A near-pope experience
The shared history of two churches
The massive Cathedral of Saint Barnabas forms an intriguing addition to the Nicosia skyline. In a city filled with churches and mosques that date back to antiquity, the Greek Orthodox cathedral is brand-new, opening in summer 2021. On December 3, 2021, that cathedral played host to Pope Francis II, who visited Cyprus as part of a two-part visit to Cyprus and Greece.
This was significant not only because it was just the second time in history a pope has visited Cyprus (Benedict XVI visited in 2010), but because it represented a meeting of the minds between the two churches which split up a thousand years ago.
During the ceremony, Pope Francis II iterated the long connection between the two churches—that both came from the same “mother church.”
The deep time of religious history
By some considerations, the island of Cyprus forms part of the Holy Land. Apocryphally, the Apostle Paul and a Cypriot named Barnabas visited Paphos, the capital of Roman Cyprus, and in a miracle they blinded a magus named Elymas, whom Paul condemned as a son of the devil.
The Roman proconsul Sergius Paulus was so impressed with the miracle he converted to Christianity; he became one of the first Romans to adopt the new faith. Paul went on to found the church in Rome, and Barnabas was martyred at Salamis (near modern-day Famagusta).
Over time, as the church gained in power, it attained regional distinctions. In 285 CE, when the Roman Empire split into a Western Empire (falling in 476 CE) and an Eastern (Byzantine) Empire (its last gasp in 1453 CE), the Christian church of the divided Roman world drifted apart. In 1054 CE, the Patriarch of Constantinople was excommunicated by the Pope in Rome, leading to the “Great Schism” dividing the churches between the Catholics based in Rome and the Orthodox Christians based in Constantinople. The sack of Constantinople by Catholic Crusaders in 1204 CE didn’t help mend the relationship.
In the meantime, the Church of Cyprus has always always held position of primacy in the Orthodox world. In 478 CE, the Eastern Roman Emperor Zeno granted the Church of Cyprus an autocephalous (essentially independent) status and the Archbishop three privileges—to write in red ink, to wear royal purple vestments, and to wield an imperial scepter.
Despite a short-lived restoration of the Byzantine Empire in 1261 CE, the empire fell for good in 1453 CE after Mehmet I of the Ottoman Empire conquered Constantinople. In their administration, the Ottomans collaborated with the Orthodox Church to help manage the Hellenic population (and collect their taxes).
When the Ottomans took control of Cyprus in 1570, they also let the Church of Cyprus handle much of the civil administration when it came to the Greek community. The Ottomans took over Catholic churches (established by the French crusader dynasty and maintained by the Venetian overlords), but for the most part, the Ottomans let the Orthodox community manage its own affairs. The civic position of the church helps explain why Archbishop Makarios III, the first elected president of the Republic of the Cyprus in 1960, could hold both a religious and national political position simultaneously.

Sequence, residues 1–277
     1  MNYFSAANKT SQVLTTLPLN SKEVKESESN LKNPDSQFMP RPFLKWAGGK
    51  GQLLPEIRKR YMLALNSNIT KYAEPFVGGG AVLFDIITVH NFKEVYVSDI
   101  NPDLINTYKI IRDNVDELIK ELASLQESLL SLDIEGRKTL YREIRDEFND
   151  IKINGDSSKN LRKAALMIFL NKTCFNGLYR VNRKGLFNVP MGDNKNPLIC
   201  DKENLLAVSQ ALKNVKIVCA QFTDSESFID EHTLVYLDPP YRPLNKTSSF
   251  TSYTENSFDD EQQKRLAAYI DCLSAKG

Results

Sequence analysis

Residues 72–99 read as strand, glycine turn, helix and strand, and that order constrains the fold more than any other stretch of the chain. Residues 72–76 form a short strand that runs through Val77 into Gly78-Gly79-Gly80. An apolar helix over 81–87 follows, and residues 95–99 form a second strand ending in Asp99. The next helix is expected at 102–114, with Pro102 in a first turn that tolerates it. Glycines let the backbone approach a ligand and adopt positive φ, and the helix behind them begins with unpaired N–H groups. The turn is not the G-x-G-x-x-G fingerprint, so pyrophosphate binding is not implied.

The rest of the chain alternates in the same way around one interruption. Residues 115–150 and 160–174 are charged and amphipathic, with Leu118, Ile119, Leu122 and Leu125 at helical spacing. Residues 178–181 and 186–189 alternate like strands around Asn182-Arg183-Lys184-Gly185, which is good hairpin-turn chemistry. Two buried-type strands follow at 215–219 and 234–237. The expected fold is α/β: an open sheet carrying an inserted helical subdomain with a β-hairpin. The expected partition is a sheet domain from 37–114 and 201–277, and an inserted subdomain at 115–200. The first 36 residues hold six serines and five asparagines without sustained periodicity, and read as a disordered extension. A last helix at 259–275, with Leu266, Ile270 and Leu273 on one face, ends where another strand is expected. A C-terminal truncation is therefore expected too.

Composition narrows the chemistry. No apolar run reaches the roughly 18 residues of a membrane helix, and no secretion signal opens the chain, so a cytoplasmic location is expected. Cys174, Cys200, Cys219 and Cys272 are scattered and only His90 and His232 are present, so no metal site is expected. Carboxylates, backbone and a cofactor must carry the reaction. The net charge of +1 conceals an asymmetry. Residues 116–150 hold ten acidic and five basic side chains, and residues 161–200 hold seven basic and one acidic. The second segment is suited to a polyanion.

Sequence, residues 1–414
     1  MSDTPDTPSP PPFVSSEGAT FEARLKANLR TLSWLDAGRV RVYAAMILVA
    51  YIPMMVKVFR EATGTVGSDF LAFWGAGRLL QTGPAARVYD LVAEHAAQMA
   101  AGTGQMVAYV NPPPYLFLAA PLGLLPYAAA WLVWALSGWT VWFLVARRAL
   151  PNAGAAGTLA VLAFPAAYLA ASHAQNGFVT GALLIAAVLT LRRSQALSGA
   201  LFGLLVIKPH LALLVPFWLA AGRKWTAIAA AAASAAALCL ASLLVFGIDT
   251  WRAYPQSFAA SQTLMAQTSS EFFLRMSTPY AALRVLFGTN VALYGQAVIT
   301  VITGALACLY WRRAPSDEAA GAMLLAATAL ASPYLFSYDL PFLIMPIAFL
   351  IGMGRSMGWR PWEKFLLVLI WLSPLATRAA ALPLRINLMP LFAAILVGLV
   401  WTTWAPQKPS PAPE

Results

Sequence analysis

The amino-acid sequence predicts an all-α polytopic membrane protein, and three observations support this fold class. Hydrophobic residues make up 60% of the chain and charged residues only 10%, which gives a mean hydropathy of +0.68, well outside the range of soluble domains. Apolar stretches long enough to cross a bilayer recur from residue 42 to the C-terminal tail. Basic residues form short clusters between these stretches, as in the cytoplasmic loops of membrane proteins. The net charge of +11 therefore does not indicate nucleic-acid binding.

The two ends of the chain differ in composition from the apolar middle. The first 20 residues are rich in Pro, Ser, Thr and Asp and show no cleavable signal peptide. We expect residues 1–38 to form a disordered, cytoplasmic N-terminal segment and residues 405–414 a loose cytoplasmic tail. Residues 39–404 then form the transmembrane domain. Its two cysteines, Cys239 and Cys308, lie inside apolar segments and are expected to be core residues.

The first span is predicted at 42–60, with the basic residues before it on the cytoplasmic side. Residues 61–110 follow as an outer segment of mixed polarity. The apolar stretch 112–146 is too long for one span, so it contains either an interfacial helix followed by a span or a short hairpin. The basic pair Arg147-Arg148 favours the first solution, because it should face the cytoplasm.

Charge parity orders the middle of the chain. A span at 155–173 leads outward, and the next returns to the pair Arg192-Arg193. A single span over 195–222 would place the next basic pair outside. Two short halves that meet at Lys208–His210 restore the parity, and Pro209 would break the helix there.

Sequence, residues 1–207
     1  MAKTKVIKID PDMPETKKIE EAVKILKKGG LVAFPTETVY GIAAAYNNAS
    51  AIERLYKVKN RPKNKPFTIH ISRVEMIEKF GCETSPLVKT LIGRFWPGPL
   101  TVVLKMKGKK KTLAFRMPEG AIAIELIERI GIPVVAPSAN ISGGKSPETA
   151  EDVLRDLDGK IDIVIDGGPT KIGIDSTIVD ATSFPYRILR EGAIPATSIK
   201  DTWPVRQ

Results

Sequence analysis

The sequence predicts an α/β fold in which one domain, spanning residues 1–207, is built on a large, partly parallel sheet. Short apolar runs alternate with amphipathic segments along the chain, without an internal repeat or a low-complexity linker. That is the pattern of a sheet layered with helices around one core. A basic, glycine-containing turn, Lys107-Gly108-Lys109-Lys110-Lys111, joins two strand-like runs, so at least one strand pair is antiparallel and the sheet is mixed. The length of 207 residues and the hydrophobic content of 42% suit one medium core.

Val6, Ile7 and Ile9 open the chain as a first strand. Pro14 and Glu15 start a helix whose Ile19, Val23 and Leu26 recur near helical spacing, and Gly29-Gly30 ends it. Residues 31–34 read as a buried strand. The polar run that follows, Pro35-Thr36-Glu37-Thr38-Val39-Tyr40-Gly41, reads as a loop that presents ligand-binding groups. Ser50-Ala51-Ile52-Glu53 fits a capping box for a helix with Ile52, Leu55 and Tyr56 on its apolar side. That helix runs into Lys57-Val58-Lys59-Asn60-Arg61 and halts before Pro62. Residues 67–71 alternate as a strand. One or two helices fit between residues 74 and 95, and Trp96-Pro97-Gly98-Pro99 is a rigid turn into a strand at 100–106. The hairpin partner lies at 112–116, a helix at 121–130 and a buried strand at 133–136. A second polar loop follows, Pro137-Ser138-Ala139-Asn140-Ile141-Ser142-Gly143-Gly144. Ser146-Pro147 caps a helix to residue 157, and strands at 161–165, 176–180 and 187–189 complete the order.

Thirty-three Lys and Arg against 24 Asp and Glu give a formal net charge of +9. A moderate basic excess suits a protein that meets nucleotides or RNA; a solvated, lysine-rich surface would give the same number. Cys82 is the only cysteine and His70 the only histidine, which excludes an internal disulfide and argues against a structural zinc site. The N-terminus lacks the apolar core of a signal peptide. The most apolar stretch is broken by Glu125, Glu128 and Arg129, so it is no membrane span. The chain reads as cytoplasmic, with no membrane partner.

When he came to Cyprus last month, Pope Francis II had a busy agenda. He paid a visit to a Maronite church—the Maronites being a Catholic community in Lebanon and Cyprus descended from antiquity. He also held mass for a crowd at a soccer stadium outside Nicosia, a thrill to many Catholics part of the island’s Filipino community. In an important gesture, he loaded 50 migrants, two of whom had been trapped in the UN Buffer Zone and unclaimed by any authority on Cyprus—onto a plane to Italy.
When I heard the Pope was coming to Cyprus, I naturally wanted to try to see him. I’m not a Catholic, but I’m a big fan of Pope-based media, The Young Pope series starring Jude Law, as well as the papal subplot of the otherwise-maligned The Godfather III comprising highlights in papal pop culture. But the office of the Pope is one of the most powerful and interesting institutions in the world, so I couldn’t stay away.
And so I thought it might be possible to watch Francis enter the motorcade in front of the Archbishop’s Palace after his meeting with the Archbishop on the morning of December 3rd.
I expected crowds, but there was hardly anyone about, apart from the police. Then, through the gate, he emerged.
After the Pope’s car passed around the corner, I was informed there were empty seats in the nearby Cathedral of Saint Barnabas for the Pope’s joint speech with the Archbishop. And so I was whisked into the cathedral, surrounded by bishops, cardinals, and other clergy. Though everyone wore masks, there was nary a pat-down or metal detector in sight.
Every seat had a headset with a live translation into English from the Archbishop’s Greek and the Ecclesiastical Latin spoken by the Pope. The Archbishop was asking for assistance from the Vatican in regards to repatriating artifacts apparently looted in the aftermath of the 1974 Turkish invasion of Cyprus. But when it came time for Francis to speak, he sidestepped the archbishop’s appeal and iterated that both churches derived from the same “mother church.”
Then the two churchly authorities walked down the aisle to exit the building. Francis looked tired.
I have had the privilege of seeing a president throw a first pitch at a baseball game and famous authors reading from iPads and Beto O’Rourke standing on my favorite café table in Reno, but nothing ever like this. I am grateful for the experience.
This is the eighth post in The Cyprus Files, a limited-run newsletter series from The Usonian chronicling my Fulbright experiences in Cyprus. You can read all the posts in The Cyprus Files here. Thanks for reading, and don’t forget to subscribe so you don’t miss a (free) dispatch from the island of Aphrodite!